Rental market rebounds after two years
18 May 2020 | Economics
However, FNB Market Research Manager Frans Uusiku says that the Covid-19 lockdown is bound to paint a different picture when looking at quarter two of 2020.
“Although we reached a 12-month average growth of 0.0% at the end of March, bringing the national monthly average rent price to N$7 465, we know that the pandemic has disrupted business activity, resulting in job losses and reduced income for the most part of the labour force. This is bound to have a devastating effect on tenants and landlord cash flow going forward. We expect the rental market to hit a growth plateau in the second quarter before it reverts back to negative growth territory.”
When looking at the first quarter of 2020, the FNB Rental Index states that listed rental units were largely concentrated in the 1-bedroom and 2-bedroom segments, accounting for 43% and 32% of the overall listings, respectively.
Uusiku adds that these rental units were only recorded in Windhoek where the rural-urban migration is relatively high compared to other towns. “This observation continues to affirm the existing imbalance between the demand and supply dynamics in the housing market, particularly in the medium to higher-end of the market. The overall improvement in the rental index was driven mainly by the 2-bedroom and more-than-3 bedrooms segments, which grew by 3% and 2% y/y, respectively.”
Growth in deposits charged by landlords contracted by 32.1% y/y at the end of March 2020 compared to a growth of 11.8% y/y recorded during the same period of 2019. This brought the deposit to rent ratio to a 10-year record low of 5.8%. The last time Namibia experienced such a low deposit to rent-ratio was in 2009 during the global financial crisis.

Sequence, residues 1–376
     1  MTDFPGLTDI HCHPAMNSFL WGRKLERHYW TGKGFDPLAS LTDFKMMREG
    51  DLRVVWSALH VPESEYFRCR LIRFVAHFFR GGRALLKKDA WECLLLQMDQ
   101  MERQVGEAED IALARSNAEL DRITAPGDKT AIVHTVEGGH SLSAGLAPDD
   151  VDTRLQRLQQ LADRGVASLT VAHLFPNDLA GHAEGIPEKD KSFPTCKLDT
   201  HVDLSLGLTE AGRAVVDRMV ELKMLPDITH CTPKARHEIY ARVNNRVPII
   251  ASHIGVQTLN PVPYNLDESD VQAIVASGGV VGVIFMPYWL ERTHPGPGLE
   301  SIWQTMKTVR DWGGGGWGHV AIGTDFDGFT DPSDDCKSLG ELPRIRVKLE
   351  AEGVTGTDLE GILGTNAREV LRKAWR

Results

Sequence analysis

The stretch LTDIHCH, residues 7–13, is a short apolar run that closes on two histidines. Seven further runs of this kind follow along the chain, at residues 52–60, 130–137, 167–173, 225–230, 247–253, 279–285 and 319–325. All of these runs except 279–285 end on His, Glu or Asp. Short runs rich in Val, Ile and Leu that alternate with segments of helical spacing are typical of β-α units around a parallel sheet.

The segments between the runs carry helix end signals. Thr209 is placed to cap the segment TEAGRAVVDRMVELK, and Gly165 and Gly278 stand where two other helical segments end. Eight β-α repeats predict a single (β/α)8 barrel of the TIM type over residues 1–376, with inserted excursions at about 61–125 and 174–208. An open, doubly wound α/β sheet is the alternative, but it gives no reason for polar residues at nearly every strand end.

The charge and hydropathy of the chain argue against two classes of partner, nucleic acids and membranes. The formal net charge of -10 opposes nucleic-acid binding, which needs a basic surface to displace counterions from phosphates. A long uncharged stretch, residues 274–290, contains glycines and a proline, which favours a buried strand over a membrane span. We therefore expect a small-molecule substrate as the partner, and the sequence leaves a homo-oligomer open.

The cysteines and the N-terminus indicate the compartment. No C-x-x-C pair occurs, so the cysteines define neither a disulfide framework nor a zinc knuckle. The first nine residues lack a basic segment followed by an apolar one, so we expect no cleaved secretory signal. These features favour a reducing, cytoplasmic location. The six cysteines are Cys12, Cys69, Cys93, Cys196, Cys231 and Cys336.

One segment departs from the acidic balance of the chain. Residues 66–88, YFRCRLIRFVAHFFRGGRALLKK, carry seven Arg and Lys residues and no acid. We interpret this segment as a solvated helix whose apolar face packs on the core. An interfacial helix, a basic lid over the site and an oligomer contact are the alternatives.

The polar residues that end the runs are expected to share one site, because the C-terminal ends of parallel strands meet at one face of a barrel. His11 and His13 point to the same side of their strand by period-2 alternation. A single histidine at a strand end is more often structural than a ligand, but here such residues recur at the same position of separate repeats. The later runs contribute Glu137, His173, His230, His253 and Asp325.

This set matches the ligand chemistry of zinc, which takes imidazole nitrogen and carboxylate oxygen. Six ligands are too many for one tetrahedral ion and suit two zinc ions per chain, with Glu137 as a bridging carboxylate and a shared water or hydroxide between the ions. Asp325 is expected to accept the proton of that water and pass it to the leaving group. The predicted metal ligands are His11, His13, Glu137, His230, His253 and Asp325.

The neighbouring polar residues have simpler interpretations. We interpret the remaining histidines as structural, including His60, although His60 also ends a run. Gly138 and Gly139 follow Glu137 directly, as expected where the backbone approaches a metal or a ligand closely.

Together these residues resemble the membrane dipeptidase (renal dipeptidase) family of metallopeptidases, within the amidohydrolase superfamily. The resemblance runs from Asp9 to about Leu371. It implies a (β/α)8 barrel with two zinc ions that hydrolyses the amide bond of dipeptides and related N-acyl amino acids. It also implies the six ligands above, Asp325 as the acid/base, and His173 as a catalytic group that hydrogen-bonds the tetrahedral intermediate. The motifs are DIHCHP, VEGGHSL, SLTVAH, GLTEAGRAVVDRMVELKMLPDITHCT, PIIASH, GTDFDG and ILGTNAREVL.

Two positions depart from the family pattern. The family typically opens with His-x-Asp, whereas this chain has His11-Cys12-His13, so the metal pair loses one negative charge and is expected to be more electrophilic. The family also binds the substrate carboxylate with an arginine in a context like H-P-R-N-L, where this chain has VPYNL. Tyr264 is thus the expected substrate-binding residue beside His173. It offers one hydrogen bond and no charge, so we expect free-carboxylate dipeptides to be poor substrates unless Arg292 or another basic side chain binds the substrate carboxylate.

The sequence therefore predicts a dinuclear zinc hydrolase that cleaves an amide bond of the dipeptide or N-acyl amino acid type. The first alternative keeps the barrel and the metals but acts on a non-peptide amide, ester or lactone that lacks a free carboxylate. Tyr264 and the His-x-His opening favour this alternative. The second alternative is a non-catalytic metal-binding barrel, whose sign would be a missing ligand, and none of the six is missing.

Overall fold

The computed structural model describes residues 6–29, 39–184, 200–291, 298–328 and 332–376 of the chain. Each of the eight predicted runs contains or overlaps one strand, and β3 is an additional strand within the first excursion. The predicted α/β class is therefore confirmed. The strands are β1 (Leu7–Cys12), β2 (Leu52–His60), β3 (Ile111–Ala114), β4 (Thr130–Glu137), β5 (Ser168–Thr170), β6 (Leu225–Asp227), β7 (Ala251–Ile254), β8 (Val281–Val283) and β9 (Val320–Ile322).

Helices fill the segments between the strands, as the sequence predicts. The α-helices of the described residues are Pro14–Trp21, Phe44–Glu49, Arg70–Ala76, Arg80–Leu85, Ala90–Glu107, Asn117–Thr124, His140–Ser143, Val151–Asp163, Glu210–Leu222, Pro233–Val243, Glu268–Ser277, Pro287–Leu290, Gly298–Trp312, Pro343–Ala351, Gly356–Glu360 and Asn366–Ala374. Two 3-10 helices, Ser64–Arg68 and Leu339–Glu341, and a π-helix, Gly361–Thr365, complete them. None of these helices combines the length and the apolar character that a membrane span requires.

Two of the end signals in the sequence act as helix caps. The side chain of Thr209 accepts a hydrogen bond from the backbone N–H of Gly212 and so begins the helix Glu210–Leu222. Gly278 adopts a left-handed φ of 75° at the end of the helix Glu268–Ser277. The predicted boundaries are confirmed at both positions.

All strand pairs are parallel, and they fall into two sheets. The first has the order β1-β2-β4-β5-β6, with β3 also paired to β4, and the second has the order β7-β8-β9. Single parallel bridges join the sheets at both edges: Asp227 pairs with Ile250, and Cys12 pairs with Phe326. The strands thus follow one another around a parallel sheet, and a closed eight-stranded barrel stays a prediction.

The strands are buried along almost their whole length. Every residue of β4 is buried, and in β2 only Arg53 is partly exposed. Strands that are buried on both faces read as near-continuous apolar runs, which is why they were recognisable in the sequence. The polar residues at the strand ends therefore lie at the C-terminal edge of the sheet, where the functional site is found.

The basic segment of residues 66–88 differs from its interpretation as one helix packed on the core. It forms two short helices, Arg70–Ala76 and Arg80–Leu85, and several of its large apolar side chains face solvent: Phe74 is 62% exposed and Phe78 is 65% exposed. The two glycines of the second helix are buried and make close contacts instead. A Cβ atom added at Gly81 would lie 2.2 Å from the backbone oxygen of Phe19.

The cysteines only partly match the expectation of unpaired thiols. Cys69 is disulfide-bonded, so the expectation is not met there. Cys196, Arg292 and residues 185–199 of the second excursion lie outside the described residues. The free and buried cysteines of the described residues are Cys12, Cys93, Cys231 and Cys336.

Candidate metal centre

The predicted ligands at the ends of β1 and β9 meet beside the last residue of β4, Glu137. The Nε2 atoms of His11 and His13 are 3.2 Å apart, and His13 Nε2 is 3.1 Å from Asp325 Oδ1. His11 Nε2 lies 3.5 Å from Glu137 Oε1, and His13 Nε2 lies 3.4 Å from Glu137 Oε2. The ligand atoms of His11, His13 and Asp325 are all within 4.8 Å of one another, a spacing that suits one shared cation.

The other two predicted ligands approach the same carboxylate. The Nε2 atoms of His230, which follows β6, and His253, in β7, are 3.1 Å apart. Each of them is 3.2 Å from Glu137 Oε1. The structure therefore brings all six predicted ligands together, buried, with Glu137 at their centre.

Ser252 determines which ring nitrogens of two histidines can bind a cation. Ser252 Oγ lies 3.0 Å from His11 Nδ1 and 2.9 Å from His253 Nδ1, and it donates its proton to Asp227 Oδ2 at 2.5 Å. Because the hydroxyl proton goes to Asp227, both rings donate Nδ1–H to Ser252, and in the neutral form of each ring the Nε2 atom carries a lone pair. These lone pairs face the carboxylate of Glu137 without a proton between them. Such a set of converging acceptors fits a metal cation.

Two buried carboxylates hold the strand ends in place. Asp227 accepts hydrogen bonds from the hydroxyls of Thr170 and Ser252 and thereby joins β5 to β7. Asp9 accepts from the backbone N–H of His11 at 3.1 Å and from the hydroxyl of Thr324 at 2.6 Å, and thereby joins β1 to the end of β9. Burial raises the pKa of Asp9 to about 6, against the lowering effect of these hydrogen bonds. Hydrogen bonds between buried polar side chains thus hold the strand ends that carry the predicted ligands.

The contraction was notable across all the four rental segments with the 1, 2, and 3-bedroom units contracting by 22.4%, 39.8% and 33.2% y/y respectively, while the more-than-3 bedrooms segment contracted by 28.1% y/y at the end of March 2020. This implies that upfront tenancy deposit is becoming less of a requirement due to stifling economic conditions.
In conclusion, Uusiku stated that the residential rental market had nearly evaded the negative growth territory, recording a 12-month average growth of 0.0% at the end of March 2020 compared to a contraction of 5.2% y/y recorded over the same period of 2019. He added that this was likely to be reversed by the COVID-19 pandemic and the associated implementation of nation-wide lockdown effective 28 March 2020.
“While the impact of the Covid crisis and lockdown is not yet reflected in the data, the stark reality is likely to be reflected in the second quarter with a potential growth reversal in rent prices expected, as landlords may be forced to negotiate for discounted rent to remain afloat.
“Although evictions are currently banned, tenants whose livelihoods are directly affected by the Covid-19 pandemic and lockdown will have limited or no income to pay up rent for the remainder of the lockdown period. All in all, the advent of this pandemic serves as a stark reminder to households and businesses to shore up their emergency funds to ensure that they are better prepared to survive unexpected future events.”